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We don't have a lot of tag wikis (or even excerpts) yet (hint hint...)...

But one of the ones we do have is for .

It reads:

(Excerpt) For products that are non-toxic and hypoallergenic.

(Wiki) Items that when ready for normal use will not have a toxic residue or allergens that could affect someone using it to prepare or eat food or drink.

I don't know much about what "foodsafe" means but I'm curious if it does actually mean "hypoallergenic". We've had one question about foodsafe surfaces and part of the answer includes the text:

Many of the food oil finishes are very food safe, peanut and walnut oils for example. However, these are not hypoallergenic, since people with nut oils can react to the finish in the wood. Though people with extreme allergies could even react to the walnut wood itself.

This implies that it's not implied to be hypoallergenic.

Does anyone have a sourced definition of what "food safe" means?

Also, apparently it needs to be two words ...

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  • As a note, I'm not implying that our local definitions should be based on "legal" or "official" definitions... This often doesn't work at all... but in this case I feel that knowing what the general implication of "food safe" is is important.
    – Catija
    Commented Apr 29, 2016 at 0:02
  • Not in my mind. Pillow case doesn't mean a cover for a pillow that's safe for sleeping and hypoallergenic. Have to buy a special case for the hypoallergenic property.
    – user24
    Commented Apr 29, 2016 at 0:02
  • That is certainly not, BPH - Free, it the new buzz word. IMHO Glass = good, plastic = not really. Coated materials & metals... questionable. Folks are coming up with replacement processes to Teflon, but a well-dressed cast iron pan is just good for you! Commented May 2, 2016 at 0:07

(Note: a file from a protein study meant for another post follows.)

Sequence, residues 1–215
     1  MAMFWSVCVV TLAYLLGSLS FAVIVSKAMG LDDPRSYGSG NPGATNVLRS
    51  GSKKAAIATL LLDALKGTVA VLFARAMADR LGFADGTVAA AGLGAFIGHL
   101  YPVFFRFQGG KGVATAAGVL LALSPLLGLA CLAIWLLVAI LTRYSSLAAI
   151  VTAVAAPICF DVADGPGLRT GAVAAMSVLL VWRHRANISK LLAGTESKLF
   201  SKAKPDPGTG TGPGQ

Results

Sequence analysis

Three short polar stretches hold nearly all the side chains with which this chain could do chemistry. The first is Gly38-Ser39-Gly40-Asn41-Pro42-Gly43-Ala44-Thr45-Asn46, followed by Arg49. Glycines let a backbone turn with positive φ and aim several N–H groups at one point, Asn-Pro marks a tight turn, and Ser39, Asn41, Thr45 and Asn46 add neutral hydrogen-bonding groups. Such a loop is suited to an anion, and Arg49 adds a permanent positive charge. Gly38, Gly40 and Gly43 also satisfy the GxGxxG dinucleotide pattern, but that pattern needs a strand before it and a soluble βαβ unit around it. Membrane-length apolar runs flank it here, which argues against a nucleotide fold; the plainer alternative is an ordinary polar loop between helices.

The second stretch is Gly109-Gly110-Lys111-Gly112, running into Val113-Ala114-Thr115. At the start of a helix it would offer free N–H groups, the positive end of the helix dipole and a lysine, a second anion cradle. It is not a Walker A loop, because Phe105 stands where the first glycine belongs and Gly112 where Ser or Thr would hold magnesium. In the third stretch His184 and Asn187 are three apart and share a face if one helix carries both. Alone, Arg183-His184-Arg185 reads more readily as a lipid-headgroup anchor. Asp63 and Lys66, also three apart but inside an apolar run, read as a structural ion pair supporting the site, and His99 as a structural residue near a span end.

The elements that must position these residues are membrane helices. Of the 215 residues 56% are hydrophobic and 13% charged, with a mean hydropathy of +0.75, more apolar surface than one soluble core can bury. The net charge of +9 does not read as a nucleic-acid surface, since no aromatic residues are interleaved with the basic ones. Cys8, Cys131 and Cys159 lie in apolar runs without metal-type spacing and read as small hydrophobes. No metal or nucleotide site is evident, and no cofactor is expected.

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Food-safe is a mostly colloquial term, meaning safe to come in contact with food. "Food-grade" is also sometimes used. The more formal term is "food contact materials". The FDA version of that is "indirect food additives":

In general, these are food additives that come into contact with food as part of packaging, holding, or processing, but are not intended to be added directly to, become a component, or have a technical effect in or on the food. Indirect food additives mentioned in Title 21 of the U.S. Code of Federal Regulations (21CFR) used in food-contact articles, include adhesives and components of coatings (Part 175), paper and paperboard components (Part 176), polymers (Part 177), and adjuvants and production aids (Part 178).

This is definitely not the same thing as hypoallergenic. Something with absolutely no connection to food can be hypoallergenic (like a pillow as mentioned in the comments). And conceivably something could be food-safe without being hypoallergenic (safe in general, but cause an allergic reaction in a few people), though I don't know off the top of my head of an example.

I don't have a direct source for the colloquial terms, but it's pretty easy to confirm this with Google; for example the results for "food-safe glue" are all about contact with food.

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